This client’s guide is intended to help businesspeople better understand their role in planning and completing a design project. It is not intended as a do-it-yourself manual; so perhaps the best way to start is by answering the question: Why isn’t it? Or to put it another way: why do you really need a designer?
Briefly, you need a designer for the same reason you’d need any other professional—a lawyer, an accountant, a plumber. A professional designer has the necessary talent, skill, experience, equipment, and focus to do a better job in a shorter time span than almost all businesspeople handling the work themselves. In the long run, hiring a designer saves you time and trouble and, most of all, money.
But that doesn’t mean you can just hire a designer and step away from the process. Even if you’re working with the best designer in the world, you still know your business better than he does: its strengths, its weaknesses, its goals. You know what it is you hope to accomplish, and who your likeliest market is. All of those factors are important in deciding on a design approach. So it’s vital to look upon any design project as a collaboration.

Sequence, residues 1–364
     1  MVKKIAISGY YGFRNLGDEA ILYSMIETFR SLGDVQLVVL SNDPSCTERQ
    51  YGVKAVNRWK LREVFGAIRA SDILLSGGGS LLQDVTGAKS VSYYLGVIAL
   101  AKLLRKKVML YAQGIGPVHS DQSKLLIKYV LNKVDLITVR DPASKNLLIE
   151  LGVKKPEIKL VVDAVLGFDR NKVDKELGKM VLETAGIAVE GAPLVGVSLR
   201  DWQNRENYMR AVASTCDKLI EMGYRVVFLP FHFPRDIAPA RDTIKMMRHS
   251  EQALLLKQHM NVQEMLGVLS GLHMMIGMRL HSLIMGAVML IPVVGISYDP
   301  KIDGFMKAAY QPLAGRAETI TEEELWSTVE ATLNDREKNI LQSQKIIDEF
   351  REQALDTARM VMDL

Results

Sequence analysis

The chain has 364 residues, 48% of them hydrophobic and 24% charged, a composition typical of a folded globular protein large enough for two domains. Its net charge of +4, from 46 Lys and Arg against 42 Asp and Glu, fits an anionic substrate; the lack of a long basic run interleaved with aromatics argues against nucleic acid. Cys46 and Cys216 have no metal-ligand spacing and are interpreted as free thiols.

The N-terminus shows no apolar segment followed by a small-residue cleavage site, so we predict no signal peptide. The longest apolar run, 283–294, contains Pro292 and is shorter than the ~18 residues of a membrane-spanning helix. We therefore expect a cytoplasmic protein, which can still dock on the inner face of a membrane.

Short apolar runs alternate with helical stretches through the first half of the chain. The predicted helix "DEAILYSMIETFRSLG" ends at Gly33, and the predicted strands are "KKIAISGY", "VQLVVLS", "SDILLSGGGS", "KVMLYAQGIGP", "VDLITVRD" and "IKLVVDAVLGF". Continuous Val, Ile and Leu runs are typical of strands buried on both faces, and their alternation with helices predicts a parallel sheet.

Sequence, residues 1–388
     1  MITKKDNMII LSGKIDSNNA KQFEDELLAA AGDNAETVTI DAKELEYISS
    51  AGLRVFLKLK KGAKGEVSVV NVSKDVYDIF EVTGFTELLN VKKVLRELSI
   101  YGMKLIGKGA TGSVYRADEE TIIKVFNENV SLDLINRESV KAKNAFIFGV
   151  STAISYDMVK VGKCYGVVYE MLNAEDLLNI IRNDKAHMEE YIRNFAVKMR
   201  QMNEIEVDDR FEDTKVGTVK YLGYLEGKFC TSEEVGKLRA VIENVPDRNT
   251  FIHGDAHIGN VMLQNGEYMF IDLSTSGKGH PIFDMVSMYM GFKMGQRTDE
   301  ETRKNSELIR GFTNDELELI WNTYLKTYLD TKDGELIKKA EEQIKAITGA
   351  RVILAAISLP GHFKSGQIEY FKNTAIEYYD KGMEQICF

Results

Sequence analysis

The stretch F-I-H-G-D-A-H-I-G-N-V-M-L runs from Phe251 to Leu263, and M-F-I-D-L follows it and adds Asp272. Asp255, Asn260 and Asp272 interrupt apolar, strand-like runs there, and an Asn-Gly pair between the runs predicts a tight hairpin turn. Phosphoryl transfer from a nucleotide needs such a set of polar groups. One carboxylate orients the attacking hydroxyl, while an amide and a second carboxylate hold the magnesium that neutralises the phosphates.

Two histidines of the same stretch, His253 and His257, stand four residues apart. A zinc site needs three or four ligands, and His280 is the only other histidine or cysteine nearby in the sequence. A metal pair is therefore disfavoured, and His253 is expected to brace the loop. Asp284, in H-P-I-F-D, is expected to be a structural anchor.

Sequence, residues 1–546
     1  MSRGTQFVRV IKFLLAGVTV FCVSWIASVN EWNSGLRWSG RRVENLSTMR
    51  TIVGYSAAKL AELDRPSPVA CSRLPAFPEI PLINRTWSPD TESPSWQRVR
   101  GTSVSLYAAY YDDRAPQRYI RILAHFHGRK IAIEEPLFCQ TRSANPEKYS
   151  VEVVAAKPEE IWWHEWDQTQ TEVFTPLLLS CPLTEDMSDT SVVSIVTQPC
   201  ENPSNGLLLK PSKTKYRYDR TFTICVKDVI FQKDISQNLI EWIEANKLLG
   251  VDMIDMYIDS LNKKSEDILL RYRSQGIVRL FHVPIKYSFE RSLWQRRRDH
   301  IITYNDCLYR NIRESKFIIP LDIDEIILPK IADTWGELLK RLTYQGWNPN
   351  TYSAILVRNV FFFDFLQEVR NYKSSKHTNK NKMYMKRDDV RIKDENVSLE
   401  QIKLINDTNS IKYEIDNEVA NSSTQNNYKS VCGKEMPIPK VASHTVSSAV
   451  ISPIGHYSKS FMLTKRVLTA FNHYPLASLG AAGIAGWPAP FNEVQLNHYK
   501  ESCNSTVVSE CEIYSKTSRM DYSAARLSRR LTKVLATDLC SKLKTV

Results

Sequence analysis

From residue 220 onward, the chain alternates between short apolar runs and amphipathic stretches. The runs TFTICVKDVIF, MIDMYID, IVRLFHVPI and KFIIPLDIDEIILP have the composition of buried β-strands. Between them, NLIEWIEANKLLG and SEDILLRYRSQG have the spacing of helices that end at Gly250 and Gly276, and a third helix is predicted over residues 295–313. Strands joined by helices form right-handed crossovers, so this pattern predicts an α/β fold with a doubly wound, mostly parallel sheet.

And that’s the purpose of this guide: to help you understand the process better, so you can be an effective partner to your designer—and together, produce a project that will be effective.
If you come away from this Guide with nothing more, you should at least take to heart the two most important rules any client should keep in mind when embarking upon any kind of design project:
For clients, the temptation is always there to identify so strongly with their business that logos and layouts are judged according to personal preferences. Sometimes it’s a hunch about what the market will best respond to; but too often decisions are made on the level of a favorite color, or a dislike of grids. And that’s wrong: it’s the market the design is trying to reach, not the client.
That’s not to say that clients have no valid input; still less that every design project should please the designer over all other considerations. Ultimately, it doesn’t matter what the designer likes (he’s not paying for it), or what the client likes (he’s not buying the product or service). It matters what the market likes.
And that brings us to the second rule:
There are a lot more rules to graphic design than most people suppose. Since design is communication, it has its own grammar, and flouting the rules should only be done for the best of reasons, and very carefully. But in the end, it’s not the rules that matter: it’s how positively the market responds to your campaign. And if your bottom line is your biggest concern, then whatever draws the best response—no matter how trite, clichéd, vulgar, or even ugly—is the best design solution. Period.
If you (and your designer) can accept that graphic design, for marketing purposes, is not an exercise in fine art or ego gratification, but a clear-eyed and logical attempt to effectively convey a message to a focused market, then it’s difficult to fail.